This weekend I received some beyond tragic news. The type of news that makes your heart crack into little pieces. The type of news that makes your lungs feel like they are shrinking. The type of news that makes your stomach drop to the floor. The type of news that makes you want to hug the people next to you, even if you don’t know them, because life is sacred and fragile, and our time here on this beautiful earth is so precious. This weekend, I found out that a fellow student at my university took his own life, suddenly, tragically, and without much explanation. I am so heartbroken.
I did not know this student. I did not even know what his face looked like when I found out. But in situations like these, it really does not matter. I lost my mom due to suicide in 2005, so hearing tragedies that are similar to what I experienced when I lost my mom makes me remember each moment that I try to block out in every day life. Finding out, being unable to eat, unable to sleep, hugs and flowers and food being shoved in my face. I cannot imagine going through that ever ever ever again. I wish I had arms long enough to hug everyone affected by this. I am finding myself unable to think about anything else. I see his fraternity brothers on campus wearing their letters with teary swollen eyes and tired bodies, and I just want to hug them. I cannot say that I understand what it is like to lose a brother, or a son, or a friend to suicide, but I do know the pain, the confusion, the unanswered questions, and the constant horrific thoughts that crowd our brains very well. But what I can tell you, all of you who are struggling with this reality, is that it gets better. I know it seems like the world is crashing in and that your heart will never be full again. And while you will always have that small part of you that aches for his presence, his laughter, his fun-loving personality (from what I have heard about), he will always live on in your memories and in your heart. You will be able to see the sun rise and set each day without this black cloud over your head as it is right now. I promise.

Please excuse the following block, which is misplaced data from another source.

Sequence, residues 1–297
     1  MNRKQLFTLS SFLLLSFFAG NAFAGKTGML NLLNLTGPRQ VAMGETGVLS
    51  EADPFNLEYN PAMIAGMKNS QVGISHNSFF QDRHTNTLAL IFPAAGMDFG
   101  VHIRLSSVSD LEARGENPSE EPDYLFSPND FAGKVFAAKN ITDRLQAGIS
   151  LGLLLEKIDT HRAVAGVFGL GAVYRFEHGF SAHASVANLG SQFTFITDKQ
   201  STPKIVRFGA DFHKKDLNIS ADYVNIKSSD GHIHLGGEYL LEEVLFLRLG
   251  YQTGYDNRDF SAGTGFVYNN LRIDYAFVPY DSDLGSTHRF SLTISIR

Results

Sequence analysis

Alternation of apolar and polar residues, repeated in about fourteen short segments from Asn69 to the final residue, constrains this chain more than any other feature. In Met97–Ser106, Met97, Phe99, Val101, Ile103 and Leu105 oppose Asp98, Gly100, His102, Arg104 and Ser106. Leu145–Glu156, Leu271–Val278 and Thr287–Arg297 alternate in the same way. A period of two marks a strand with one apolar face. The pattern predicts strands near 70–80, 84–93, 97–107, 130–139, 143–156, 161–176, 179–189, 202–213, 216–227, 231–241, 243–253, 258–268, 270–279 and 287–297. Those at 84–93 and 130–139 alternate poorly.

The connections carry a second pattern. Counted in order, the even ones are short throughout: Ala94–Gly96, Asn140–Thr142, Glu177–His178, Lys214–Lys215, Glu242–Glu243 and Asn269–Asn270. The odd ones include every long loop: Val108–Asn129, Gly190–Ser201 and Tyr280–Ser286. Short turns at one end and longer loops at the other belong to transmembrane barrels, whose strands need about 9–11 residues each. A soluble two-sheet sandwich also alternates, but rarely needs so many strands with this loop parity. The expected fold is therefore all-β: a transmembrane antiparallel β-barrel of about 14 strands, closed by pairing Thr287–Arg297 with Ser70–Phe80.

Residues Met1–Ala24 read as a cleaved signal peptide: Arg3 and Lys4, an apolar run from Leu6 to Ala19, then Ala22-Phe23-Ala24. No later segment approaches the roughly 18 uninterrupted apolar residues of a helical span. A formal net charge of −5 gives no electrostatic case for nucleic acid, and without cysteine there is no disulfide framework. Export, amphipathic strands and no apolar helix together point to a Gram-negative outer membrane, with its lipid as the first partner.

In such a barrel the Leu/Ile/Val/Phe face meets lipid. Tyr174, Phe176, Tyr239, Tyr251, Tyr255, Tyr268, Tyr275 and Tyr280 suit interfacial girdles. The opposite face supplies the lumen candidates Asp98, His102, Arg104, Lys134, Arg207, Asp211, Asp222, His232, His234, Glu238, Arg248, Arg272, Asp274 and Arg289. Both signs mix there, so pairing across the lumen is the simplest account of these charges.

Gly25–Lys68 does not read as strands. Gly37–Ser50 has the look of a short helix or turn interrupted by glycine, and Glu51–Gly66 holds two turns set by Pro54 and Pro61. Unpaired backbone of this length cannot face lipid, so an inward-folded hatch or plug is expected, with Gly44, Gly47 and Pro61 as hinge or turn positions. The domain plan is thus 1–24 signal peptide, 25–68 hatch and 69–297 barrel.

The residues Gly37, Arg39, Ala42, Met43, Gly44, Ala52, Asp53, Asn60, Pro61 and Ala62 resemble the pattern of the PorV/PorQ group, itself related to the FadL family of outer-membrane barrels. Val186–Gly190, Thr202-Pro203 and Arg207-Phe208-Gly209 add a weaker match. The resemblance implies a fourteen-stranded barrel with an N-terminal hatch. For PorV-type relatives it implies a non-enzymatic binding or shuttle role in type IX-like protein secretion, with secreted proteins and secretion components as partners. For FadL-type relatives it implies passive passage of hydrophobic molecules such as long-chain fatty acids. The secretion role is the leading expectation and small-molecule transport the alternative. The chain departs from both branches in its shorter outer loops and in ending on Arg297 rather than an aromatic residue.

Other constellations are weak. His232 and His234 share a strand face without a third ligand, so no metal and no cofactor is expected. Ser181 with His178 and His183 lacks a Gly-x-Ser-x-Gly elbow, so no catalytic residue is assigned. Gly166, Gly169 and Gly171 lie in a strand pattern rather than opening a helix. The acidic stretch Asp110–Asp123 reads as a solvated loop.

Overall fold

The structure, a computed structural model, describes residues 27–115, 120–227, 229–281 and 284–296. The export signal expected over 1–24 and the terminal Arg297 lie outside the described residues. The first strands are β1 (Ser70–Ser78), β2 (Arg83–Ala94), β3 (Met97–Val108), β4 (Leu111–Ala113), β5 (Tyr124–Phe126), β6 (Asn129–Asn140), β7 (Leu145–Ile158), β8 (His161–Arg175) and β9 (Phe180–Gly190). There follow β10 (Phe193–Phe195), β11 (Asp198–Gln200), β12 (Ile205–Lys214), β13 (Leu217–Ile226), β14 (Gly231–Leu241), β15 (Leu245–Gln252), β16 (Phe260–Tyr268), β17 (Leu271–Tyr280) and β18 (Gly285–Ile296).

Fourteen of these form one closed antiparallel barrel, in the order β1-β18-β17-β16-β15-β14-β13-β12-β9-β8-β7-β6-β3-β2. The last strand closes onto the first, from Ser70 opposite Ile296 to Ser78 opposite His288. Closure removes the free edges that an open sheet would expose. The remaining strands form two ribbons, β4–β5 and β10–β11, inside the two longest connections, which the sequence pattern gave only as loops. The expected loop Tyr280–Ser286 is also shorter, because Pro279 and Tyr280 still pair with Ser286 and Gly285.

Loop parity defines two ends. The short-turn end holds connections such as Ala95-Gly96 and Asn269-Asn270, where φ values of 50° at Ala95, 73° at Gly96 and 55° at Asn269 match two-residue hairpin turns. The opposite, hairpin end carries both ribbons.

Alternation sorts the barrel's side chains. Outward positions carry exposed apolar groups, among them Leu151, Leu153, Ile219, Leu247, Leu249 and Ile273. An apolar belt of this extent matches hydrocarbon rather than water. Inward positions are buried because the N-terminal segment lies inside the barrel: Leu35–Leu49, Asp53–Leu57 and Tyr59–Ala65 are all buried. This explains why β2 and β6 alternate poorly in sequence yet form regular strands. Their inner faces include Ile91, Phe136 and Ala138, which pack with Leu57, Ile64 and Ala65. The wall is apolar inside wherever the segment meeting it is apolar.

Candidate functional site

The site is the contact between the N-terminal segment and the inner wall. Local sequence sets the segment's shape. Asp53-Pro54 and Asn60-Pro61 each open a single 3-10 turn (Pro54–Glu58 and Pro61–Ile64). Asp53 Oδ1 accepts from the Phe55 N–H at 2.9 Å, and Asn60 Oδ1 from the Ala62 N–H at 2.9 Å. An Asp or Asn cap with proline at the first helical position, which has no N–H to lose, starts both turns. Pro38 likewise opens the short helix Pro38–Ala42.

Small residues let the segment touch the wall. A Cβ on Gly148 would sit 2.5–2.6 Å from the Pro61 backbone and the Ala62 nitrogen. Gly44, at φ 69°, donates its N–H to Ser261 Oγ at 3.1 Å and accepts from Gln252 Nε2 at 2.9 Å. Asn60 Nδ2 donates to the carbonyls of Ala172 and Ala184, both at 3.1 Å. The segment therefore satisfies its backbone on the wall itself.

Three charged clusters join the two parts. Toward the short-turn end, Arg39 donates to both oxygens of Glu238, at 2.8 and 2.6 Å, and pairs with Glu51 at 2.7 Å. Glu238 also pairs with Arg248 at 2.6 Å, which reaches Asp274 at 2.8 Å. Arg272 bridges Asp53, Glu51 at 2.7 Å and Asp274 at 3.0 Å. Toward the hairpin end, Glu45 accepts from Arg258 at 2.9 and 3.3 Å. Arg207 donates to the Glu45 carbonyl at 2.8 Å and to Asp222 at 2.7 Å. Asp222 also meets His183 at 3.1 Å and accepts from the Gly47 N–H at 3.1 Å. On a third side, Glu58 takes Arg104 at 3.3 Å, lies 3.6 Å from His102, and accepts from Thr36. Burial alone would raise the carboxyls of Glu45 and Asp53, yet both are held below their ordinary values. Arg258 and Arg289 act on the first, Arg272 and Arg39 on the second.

I was driving home after I heard the news, and I had to pass the street that he lived on. I found that my shoulders were tense and my grip on the wheel was much tighter; and my eyes became filled with tears because this realization that so many students on my campus, and especially in the greek community, would be suffering and in pain hit me so hard. I want everyone who is affected to know that I am here as someone who knows this grief, because it is a situation that comes with a whirl of emotions. I don’t care if I have never spoken to you in my life, please reach out if you need help, whether it is to me or whether it is to the campus’ resources.
Please, to anyone reading this, take care of yourself. Be kind to yourself. Do not fill the holes in your heart with the wrong coping tools. Talk to each other, hug each other, cry with each other. Each and every one of us is loved, has a purpose in this world, and is worth fighting for. Life is way too precious. May his beautiful soul be in peace ❤